Marie Watt (b. 1967) is an American artist. Her work draws from history, biography, protofeminism, and Indigenous principles, and addresses the interaction of the arc of history with the intimacy of memory. She uses materials that are conceptually attached to narrative: in particular, exploring the stories connected with commonplace woolen blankets, cedar, and iron.

Studio news

Photograph by Aaron Johanson

VoCA Talks in Denver; Denver Art Museum acquires Butterfly

I’m in Denver this week: this evening, I’m talking with artist and oral historian James McElhinney as part of Voices in Contemporary Art’s VoCA Talks program.

The program is being held at the Denver Art Museum’s Sharp Auditorium at 6:00 p.m. and is free and open to the public; if you’re in the Denver area, come by and say hello.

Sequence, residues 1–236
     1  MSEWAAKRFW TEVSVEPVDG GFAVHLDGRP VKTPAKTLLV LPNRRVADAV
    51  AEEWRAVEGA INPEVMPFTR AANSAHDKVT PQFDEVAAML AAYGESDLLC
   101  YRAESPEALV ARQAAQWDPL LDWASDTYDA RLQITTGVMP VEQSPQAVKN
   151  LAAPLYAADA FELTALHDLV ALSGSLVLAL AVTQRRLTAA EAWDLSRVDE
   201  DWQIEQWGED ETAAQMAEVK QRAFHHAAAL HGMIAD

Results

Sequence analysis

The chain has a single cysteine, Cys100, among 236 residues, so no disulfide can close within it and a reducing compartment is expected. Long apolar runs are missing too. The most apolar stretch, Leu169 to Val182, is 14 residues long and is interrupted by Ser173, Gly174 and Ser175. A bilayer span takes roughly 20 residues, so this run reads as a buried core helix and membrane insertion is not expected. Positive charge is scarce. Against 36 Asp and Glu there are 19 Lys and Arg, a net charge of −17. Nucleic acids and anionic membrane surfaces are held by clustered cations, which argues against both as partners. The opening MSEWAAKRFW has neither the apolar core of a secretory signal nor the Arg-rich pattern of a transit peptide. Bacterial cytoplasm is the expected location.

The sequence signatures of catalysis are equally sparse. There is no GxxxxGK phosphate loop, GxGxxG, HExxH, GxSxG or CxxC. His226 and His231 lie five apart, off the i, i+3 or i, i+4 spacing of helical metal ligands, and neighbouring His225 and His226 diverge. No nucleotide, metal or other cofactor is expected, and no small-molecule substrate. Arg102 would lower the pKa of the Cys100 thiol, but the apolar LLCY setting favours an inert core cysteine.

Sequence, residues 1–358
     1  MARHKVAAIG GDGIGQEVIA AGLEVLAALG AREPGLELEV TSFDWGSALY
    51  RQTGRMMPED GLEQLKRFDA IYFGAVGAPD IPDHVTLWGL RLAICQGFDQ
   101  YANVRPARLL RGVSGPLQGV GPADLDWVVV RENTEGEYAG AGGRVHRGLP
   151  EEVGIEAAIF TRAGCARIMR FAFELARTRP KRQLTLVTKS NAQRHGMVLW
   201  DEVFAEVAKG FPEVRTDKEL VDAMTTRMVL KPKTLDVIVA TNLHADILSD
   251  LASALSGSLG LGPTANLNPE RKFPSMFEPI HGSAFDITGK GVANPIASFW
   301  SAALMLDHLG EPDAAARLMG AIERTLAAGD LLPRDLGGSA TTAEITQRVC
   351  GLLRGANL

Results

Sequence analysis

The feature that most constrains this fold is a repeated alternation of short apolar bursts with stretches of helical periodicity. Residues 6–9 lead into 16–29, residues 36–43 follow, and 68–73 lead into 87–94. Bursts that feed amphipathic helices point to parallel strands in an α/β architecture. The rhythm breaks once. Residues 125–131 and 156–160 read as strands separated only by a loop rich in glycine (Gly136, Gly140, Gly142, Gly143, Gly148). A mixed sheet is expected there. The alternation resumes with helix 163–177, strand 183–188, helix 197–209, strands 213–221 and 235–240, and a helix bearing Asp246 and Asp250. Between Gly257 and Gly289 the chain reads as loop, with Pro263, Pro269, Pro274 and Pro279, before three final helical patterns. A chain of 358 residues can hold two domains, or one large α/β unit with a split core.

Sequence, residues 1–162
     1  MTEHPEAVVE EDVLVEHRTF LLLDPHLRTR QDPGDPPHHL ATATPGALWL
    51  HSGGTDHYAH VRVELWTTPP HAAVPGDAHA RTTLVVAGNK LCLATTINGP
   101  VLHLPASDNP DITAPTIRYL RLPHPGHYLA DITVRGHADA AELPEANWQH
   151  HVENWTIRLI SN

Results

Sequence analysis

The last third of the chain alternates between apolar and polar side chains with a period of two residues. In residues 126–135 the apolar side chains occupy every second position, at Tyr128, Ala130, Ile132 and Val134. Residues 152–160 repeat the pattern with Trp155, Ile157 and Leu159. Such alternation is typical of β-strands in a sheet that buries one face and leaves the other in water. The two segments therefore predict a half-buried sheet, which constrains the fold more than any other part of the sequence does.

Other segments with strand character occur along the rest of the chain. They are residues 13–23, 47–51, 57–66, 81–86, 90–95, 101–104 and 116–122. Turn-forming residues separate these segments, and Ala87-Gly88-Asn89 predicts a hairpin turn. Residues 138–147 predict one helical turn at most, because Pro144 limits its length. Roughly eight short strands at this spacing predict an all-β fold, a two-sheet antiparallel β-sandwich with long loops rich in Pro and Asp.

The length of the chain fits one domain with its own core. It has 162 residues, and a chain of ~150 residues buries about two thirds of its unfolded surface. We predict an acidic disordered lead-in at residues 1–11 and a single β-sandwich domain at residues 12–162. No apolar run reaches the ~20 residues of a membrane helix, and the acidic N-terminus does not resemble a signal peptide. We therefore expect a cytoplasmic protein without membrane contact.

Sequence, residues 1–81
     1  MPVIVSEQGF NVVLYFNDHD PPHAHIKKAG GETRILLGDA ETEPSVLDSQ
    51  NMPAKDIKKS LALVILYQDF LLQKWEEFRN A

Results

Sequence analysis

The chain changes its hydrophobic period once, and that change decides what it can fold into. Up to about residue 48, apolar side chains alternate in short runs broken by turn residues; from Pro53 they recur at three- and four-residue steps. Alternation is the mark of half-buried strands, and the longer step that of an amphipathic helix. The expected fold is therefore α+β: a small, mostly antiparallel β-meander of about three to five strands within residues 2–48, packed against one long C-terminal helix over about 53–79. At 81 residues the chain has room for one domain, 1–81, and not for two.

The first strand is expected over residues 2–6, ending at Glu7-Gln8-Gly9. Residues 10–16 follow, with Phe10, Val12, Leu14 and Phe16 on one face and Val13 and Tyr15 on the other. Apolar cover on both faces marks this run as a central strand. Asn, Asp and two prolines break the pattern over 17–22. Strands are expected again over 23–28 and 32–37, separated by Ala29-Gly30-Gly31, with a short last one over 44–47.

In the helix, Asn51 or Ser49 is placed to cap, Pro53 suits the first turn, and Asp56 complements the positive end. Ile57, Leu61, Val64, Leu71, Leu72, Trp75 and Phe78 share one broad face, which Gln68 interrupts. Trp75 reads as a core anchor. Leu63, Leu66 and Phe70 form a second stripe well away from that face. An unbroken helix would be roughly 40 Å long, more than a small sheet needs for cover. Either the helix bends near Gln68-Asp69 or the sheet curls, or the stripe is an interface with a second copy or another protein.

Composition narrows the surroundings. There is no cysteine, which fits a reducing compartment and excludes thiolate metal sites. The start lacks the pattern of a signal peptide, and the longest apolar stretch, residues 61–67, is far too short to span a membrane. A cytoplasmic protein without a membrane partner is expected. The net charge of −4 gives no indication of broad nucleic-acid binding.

I’m also delighted to announce that DAM has acquired Butterfly, one of the pieces we made for SITE Santa Fe’s Unsuspected Possibilities show last year. I love this piece and can’t think of a better home for it. Many thanks to DAM (especially Chief Curator and Curator of Native Arts Nancy Blomberg and Associate Curator John Lukavic) and to PDX Contemporary Art for making it happen.

Recent work

Blanket Stories: Beacon, Marker, Ohi-yo, 2016

Blanket Stories: Beacon, Marker, Ohi-yo,
240 × 108 × 48 in.
Folded blankets, steel
Photograph by Aaron Johanson